Opinion

Anti-Trump American Jews Should Ally With anti-Netanyahu Israelis

The darkness that Steve Bannon worships has been steadily creeping into Israel’s soul as well.

Prime Minister Benjamin Netanyahu and President-elect Donald Trump.
Joe Raedle/Getty Images, AFP, Andrew Harrer, Bloomberg

For many years, liberal American Jews could have their cake and eat it too. They were at the forefront of the fight for progressive values at home, but when it came to Israel, they checked their liberalism at the front door, as Peter Beinart put it. We don’t tell the Israeli people what to do, they said. Israel is a democracy, the Israeli people made their choice, and whoever it is, and no matter what they do, we will support them.

Well, the shoe is on the other foot now, and liberal Jews in America are getting a taste of their own medicine. The government of Israel and many of its citizens are fawning over Donald Trump’s new administration. Some are doing so because it fits their ideology, but others are telling themselves that America is a democracy, Americans have made their choice, and whoever it is, and no matter what they do Israel will support them. Even if they turn against the Jews themselves.

As they feel their stomachs turn, liberal American Jews can finally understand what it has felt like for their Israeli counterparts to watch the American Jewish establishment back Israeli government policies that were, in their eyes, immoral and self-destructive. How disconcerting it was to see people who are champions of equality and civil rights at home kowtow to governments that represented quite the opposite in Israel. How by doing so they were unwitting accomplices to policies they would find abhorrent if they were being implemented in their own backyard.

Hundreds protest against Steven Bannon outside a ZOA gala in Manhattan on November 20,2016.
Karen Ezra

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I’m not even talking about occupation. Take Donald Trump’s widely reported harangues in his meeting with news executives on Monday, in which he lambasted the “crooked” press for their coverage of him and his campaign. Think what went through the minds of most liberal Americans as they read these reports: how demeaning it is for a president-elect to stoop to this level, how delusional of him to ignore the fact that without the “dishonest” press he would never have been made president in the first place, how vain he is to devote so much time and energy to lambasting the press when he should be making sure his transition is in place, how utterly clueless he must be about the function of a free press in a democratic society. And so on.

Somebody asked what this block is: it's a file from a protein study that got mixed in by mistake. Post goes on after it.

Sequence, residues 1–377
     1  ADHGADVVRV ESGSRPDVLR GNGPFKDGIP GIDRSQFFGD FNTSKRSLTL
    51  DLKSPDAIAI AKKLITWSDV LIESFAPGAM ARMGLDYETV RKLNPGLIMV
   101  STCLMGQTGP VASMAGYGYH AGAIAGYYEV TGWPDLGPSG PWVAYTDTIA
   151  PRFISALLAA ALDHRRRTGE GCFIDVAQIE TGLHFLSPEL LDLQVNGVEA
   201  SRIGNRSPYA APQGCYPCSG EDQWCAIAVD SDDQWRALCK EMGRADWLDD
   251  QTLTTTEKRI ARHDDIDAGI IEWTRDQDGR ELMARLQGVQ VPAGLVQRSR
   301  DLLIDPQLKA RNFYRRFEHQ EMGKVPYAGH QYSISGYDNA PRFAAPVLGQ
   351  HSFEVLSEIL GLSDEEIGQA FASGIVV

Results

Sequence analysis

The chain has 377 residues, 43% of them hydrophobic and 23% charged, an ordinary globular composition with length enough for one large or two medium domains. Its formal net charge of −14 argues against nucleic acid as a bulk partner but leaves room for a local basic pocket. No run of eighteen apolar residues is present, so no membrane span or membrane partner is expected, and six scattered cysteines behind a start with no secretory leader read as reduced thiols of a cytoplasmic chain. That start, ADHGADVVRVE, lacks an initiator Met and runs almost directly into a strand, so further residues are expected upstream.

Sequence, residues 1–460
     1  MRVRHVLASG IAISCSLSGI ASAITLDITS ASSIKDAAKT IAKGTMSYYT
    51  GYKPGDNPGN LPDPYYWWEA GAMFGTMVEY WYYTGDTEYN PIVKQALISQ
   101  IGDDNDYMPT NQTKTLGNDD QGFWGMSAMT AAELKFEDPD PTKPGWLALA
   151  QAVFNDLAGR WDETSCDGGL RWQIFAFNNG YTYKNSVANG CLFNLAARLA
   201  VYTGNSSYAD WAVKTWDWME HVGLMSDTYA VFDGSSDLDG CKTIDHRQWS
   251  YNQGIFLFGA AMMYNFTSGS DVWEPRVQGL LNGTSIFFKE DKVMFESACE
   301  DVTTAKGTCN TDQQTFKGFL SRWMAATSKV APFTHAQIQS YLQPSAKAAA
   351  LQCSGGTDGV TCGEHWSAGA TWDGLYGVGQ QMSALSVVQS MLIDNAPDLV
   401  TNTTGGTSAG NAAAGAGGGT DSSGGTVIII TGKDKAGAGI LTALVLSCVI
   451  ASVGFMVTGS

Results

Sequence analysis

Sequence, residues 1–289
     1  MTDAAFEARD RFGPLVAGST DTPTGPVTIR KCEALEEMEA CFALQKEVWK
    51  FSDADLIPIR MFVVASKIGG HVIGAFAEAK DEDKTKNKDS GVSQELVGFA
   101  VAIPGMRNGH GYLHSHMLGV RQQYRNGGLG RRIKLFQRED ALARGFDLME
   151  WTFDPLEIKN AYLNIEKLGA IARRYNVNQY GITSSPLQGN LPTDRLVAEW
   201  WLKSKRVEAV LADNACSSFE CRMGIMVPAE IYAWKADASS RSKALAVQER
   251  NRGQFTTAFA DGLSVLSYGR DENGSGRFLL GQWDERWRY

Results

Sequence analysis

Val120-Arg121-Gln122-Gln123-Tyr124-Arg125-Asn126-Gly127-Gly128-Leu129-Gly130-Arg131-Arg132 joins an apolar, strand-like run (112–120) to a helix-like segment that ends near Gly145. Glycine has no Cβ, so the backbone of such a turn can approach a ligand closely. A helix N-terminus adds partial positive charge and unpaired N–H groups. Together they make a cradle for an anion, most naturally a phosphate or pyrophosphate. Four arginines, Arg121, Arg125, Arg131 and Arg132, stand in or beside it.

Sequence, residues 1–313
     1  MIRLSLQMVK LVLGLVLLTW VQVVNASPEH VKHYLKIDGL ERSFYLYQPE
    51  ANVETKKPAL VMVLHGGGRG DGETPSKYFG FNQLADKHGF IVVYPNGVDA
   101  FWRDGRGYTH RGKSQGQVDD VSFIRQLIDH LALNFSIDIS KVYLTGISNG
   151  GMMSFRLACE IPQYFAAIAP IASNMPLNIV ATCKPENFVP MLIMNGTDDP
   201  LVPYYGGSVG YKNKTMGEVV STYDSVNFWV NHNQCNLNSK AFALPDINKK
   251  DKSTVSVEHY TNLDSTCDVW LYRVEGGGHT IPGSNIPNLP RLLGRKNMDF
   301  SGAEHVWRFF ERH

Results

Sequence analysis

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But this is vintage Benjamin Netanyahu. This is exactly what he has been doing for months now, and in spades. Calling in Israeli news outlets, one after another, to berate them for hours about their unfair coverage, their propensity to invent and inflate stories about him and their continuing disregard for his immeasurable achievements. You think Trump’s tweets about the Hamilton protest or the New York Times’ coverage are bad? You should hear or read Netanyahu’s rambling reactions to news stories about him in which he trashes respectable journalists with concocted allegations but refrains from responding to the specific claims made against him.

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For the past few years, liberal American Jews have turned a blind eye to reports from Israel that Netanyahu and his government were becoming more ethnocentric and less inclusive, more nationalistic and less pluralistic, more repressive and less democratic, more demagogic and less levelheaded. But they either weren’t bothered by them or were eager to accept the narrative offered by Netanyahu’s front men and women that this was all some kind of sinister agitprop carried out by malevolent BDS-supporting enemies of Israel. Which is what some Israelis are telling themselves now as they hear reports of Trump’s questionable cabinet picks, white nationalist surroundings and ominous stirrings of neo-Nazi anti-Semitism. It’s all propaganda of liberal American Jews trying to undermine Trump’s pro-Israel agenda, they’re being told.

Excerpts from Richard Spencer's speech, as published by The Atlantic. The Atlantic, YouTube